Satirical Thoughts

Last night’s Saturday Night Live was its usual not that funny self. It was a rerun from November, but I hadn’t seen it the first time. Especially unfunny was a sketch that was supposed to be an infomercial for Dr. Archibald Bitchslap’s marriage counseling method (video). I’ll bet you can guess from the name what the method entails. Here’s how the show’s website describes the sketch:

Our host Samantha Hawkins discusses an exciting new “interactive” way to solve relationship problems. She’s joined by couples Pete and Donna Longhorn, and Debra and Jody Preston.

The Longhorn’s problems stem from Donna’s spending addiction, and the Preston’s problems grew out of Jody’s incessant lying about “working late nights”.

Samantha introduces the man responsible for the revolutionary new technique that solved the couples’ problems, Dr. Archibald Bitchslap, founder of the Bitchslap Method.

Samantha runs a sample of the method demonstrated on the 10-DVD set: a montage of images of Samantha and Dr. Archibald Bitchslap employing the Bitchslap Method forcibly and verbally on a series of compliant mannequins. Dr. Bitchslap mentions that along with the 10-DVD set, you also receive a companion booklet: Bitchslap Your Way to a Successful Marriage.

I’m sure they didn’t mean to make light of domestic violence, but their satire fell flat to the point of being offensive (and I’m not easily offended).

Contrast this with Borat‘s brilliant use of satire to highlight the absurdity of the beliefs of antisemites and misogynists. I know many people were offended by this movie too, but I think it succeeded precisely because Sacha Baron Cohen exaggerated the character and situations to the point of absurdity, which made clear that he was making fun of those beliefs. (The fact that the laughably antisemitic Borat was actually speaking fluent Hebrew instead of Kazakh only added to the satire for me.)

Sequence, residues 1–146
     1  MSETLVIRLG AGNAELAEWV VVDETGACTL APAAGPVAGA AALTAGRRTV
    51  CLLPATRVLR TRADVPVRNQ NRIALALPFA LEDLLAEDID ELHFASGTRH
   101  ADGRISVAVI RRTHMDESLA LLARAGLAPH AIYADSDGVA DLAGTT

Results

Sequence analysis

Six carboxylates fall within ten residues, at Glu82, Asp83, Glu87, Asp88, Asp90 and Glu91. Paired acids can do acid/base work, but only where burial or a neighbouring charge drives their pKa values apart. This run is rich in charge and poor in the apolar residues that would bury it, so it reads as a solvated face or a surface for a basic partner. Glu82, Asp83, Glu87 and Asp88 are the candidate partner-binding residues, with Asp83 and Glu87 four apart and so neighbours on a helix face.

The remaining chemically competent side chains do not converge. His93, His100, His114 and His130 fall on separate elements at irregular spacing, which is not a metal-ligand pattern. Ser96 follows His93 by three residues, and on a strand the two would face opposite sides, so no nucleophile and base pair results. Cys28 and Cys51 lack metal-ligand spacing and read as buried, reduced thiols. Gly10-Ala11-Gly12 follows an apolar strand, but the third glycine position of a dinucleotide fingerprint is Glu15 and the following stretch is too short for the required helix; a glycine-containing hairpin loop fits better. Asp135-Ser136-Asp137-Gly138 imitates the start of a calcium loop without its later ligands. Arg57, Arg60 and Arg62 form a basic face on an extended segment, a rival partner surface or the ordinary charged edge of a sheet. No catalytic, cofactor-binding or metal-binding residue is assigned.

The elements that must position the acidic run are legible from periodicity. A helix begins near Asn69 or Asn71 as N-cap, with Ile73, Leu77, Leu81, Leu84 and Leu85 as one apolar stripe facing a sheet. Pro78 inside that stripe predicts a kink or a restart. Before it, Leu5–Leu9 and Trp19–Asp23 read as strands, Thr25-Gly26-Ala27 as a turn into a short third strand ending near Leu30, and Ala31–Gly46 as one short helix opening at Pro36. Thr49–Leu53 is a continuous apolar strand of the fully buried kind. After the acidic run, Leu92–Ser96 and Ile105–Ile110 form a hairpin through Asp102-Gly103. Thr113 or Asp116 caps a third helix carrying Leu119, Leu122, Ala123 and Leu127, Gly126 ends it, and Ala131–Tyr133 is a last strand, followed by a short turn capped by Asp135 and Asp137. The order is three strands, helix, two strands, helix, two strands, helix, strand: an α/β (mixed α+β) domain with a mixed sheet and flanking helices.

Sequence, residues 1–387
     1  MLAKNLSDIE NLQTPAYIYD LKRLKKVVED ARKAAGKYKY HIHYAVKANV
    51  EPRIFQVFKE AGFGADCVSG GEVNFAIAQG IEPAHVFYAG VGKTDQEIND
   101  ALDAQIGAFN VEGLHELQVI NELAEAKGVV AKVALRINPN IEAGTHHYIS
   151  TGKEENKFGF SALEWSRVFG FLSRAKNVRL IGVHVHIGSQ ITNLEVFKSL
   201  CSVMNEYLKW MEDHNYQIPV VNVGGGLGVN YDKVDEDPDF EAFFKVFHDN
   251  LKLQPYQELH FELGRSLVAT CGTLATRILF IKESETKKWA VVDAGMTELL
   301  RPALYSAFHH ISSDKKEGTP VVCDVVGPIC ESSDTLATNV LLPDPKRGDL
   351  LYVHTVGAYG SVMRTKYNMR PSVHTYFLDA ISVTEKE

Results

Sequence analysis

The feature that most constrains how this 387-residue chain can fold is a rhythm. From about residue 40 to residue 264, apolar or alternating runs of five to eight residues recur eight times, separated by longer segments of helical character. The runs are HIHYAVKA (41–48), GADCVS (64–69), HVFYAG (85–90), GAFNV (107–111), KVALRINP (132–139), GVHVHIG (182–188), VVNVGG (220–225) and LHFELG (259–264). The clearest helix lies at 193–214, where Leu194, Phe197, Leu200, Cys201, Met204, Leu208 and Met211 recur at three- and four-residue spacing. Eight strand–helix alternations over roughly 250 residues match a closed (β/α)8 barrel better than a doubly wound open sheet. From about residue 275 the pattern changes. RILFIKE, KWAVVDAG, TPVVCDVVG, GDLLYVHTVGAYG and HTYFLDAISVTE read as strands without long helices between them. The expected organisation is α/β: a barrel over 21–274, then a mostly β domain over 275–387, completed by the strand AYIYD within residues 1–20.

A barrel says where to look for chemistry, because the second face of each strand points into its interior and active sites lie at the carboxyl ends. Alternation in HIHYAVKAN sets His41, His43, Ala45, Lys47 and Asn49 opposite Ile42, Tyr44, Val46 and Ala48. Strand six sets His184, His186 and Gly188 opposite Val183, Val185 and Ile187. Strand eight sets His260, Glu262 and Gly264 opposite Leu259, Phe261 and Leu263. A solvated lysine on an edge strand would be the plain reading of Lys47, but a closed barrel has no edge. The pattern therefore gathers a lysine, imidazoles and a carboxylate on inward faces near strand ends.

The ultimate example of satire is Jonathan Swift’s A Modest Proposal. Many at the time took his essay seriously due to its serious tone, thinking that he was actually proposing that poor Irish families sell their children to be eaten to raise money for the family. By exaggerating this normally ridiculous idea to the point of even suggesting how the children could be prepared (“I make no doubt that it will equally serve in a fricassee, or a ragout.”), Swift gets in his real digs at landlords and political economists, exposing the state of the poor in Ireland.

So, what did SNL do wrong? Sadly, the Bitchslap method is used way too often in reality, with no humor involved. This sketch just reinforced the idea that this method works, without mocking who use violence against their partners or using absurdity to make an underlying point. It was just too close to reality for comfort.

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